Switch Your WordPress Site to PHP 7 for Increased Performance
Building the Right Environment to Support AI, Machine Learning and Deep Learning
A few weeks ago, a customer asked us if newer versions of WordPress had improved performance. Surprisingly, we found there isn't much literature on this topic. Thinking about it, this makes sense because the performance of WordPress is very dependent on multiple variables — such as themes and plugins — and also by the volume of content hosted on the site. Our curiosity now piqued, we decided to check on how WordPress' core performance changes between releases. The idea is to first set up a basic WordPress install of an official release, with only one post, the default theme, and the plugin sets distributed with that release. We'd then run a very basic set of stress tests against that machine, collect the results, and do it again with another WordPress release.
Setting up the Experiment
We designed the experiment to be repeatable by others — all scripts and tools are open source and can be run independently from DreamHost products. There are three main components:
- A script to deploy a specific WordPress version
- A module that stress-tests WordPress
- The modules used for collecting data and plotting results
In order to have a repeatable base environment for the WordPress deployment, we opted to use DreamCompute. Using Ansible and the OpenStack shade library, we wrote a simple Ansible playbook that creates a Ubuntu virtual machine, installs the LAMP stack, and deploys a specific version of WordPress. After running the playbook, we now have a very basic WordPress site. The sites are setup with the default theme for the version of WordPress being installed, with default posts that are created with the install, and with no caching. This step doesn't necessarily require DreamCompute and could also be done on a shared hosting account or a VPS; all that's needed for this first part of the experiment is a way to install WordPress from the release archives.
After setting up two test sites — one running WordPress 4.6.6 and another with version 4.7.5 — we performed http load tests against them. Autobench turned out to be a good tool. It's simple to set up and powerful for generating load (and collecting data). We configured Autobench as shown on this gist after a few trials to identify where the performance plateaued. This is the point where the data gets the most interesting, as it could now show whether the different versions plateau at the same number of requests, and how they differ when they plateau. If you generate too much load, the statistics you grab are not all that meaningful because, at that point, your site could be taking seconds to load and might as well be down. With too little load you might not see where the performance differs, such as being able to handle more requests.
Data Collection and Presentation
Finally, we collected data from the servers and the WordPress versions. The server resource statistics are collected and presented in graphs by Zabbix. These turned out to be less useful than we originally hoped, with all of our tests looking basically identical as far as the resources being consumed. The site response time and performance statistics are collected by Autobench and dumped to a file, then Google Sheets can be used to take the statistics from the file and generate a graph.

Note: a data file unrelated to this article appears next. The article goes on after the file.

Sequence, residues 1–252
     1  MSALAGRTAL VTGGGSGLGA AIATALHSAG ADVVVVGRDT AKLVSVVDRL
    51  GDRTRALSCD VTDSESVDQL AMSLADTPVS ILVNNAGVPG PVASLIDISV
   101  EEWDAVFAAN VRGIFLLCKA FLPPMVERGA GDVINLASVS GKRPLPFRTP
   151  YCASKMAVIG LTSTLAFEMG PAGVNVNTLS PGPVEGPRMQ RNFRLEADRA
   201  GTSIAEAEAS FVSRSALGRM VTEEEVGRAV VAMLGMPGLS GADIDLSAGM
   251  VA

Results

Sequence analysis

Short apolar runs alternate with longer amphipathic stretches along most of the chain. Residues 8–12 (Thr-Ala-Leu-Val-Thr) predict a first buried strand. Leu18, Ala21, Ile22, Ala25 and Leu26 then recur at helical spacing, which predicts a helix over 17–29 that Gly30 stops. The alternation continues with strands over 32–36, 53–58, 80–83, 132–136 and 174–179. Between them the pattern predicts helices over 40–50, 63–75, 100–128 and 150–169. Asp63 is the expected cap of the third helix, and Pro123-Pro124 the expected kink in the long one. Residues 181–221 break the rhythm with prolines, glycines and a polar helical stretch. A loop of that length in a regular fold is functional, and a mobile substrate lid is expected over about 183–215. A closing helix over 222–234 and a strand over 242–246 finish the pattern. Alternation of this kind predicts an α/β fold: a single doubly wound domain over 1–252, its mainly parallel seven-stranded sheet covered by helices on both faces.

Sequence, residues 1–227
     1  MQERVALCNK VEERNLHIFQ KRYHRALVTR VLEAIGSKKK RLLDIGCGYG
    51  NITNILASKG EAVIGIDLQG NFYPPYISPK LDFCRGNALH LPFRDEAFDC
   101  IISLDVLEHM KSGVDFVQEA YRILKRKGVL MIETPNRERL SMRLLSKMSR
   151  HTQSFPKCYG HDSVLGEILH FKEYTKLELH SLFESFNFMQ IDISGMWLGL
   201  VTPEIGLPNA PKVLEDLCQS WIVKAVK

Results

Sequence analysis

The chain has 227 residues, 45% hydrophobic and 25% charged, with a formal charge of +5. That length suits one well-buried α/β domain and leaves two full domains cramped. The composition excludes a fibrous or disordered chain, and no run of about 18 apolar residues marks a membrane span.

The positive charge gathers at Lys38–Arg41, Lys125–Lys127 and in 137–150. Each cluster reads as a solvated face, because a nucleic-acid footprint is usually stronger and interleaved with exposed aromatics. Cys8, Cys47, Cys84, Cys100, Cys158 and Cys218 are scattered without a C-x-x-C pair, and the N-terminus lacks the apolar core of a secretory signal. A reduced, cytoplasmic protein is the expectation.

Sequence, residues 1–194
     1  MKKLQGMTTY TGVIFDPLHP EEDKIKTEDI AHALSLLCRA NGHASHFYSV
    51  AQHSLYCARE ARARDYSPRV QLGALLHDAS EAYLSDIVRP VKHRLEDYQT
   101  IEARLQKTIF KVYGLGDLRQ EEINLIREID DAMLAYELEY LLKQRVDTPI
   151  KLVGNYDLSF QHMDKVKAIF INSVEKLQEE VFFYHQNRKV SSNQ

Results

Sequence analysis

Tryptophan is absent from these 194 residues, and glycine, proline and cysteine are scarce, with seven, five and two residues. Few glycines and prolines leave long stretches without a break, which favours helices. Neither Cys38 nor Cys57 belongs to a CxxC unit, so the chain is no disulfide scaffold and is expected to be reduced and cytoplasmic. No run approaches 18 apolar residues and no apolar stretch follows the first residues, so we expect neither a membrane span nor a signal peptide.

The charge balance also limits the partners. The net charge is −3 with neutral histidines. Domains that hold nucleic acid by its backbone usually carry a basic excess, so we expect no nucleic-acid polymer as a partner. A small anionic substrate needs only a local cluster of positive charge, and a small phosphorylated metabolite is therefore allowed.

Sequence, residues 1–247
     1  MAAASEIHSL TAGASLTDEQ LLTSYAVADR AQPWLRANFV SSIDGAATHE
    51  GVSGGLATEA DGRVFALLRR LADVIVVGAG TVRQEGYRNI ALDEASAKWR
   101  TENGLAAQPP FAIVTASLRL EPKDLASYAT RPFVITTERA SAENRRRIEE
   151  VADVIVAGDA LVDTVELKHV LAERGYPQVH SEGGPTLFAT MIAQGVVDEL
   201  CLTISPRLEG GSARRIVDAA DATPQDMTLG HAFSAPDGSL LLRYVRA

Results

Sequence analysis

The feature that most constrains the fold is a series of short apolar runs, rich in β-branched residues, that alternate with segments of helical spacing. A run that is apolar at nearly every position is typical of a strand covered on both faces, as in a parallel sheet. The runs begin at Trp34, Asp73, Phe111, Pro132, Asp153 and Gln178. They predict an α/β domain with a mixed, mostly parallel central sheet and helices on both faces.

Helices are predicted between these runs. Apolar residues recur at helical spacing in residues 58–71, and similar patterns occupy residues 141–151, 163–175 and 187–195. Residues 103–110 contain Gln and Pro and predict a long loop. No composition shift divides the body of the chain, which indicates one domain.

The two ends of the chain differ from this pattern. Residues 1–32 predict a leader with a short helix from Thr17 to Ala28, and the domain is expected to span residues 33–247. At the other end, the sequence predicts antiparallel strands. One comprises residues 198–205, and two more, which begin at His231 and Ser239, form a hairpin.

The first tests we did were against the two sites using WordPress 4.6.6 and WordPress 4.7.5; both were running PHP 7.
The x-axis indicates the number of requests per second being made by Autobench, and the y-axis shows the number of requests WordPress is able to respond to per second, as well as the response time in milliseconds. Once we get to approximately 200 requests per second, the number of requests WordPress is able to respond to plateaus, as shown by the blue and purple lines. This means that WordPress is unable to serve more clients efficiently. At the same point, response time also grows, but it increases a bit quicker for WordPress 4.6 than it does for WordPress 4.7. This difference is small, but with 250 req/s the response time for WordPress 4.6 is approximately 8% slower than 4.7. Next, we tested different PHP versions. We ran WordPress 4.6 with PHP 5.6, and WordPress 4.7 with PHP7 since that was the first to recommend PHP 7. Below is the graph of WordPress 4.6 with PHP 5.6 vs WordPress 4.7 with PHP 7.
Here, The difference is night and day. PHP 7 clearly outperforms PHP 5.6; this shows just how important the move from PHP 5.6 to PHP 7 was. With PHP 7, WordPress is able to handle approximately 2x as many requests as it can when using PHP 5.6. and the response time is also lower – about 2x as fast.
We were surprised to see that there are negligible differences in the servers running the two WordPress versions (no visible impact on CPU or RAM). The difference between performance in WordPress 4.6 and 4.7 on PHP 7 is small but noticeable. The much more interesting performance gains are from the move to PHP 7. One thing that we did not test, but hope to in the future, is the performance of the REST API. WordPress 4.7 is the first to include REST in the WordPress core, so any previous versions would have to use a plugin to have access to the API – and that may skew the results. We hope to continue to see WordPress getting faster and more performant at higher loads. We'd also be interested in seeing any performance testing you have done between different deployments of WordPress.
About the Author
Caleb Boylan is a DevOps Engineer at DreamHost, a web hosting and cloud services provider for WordPress users.
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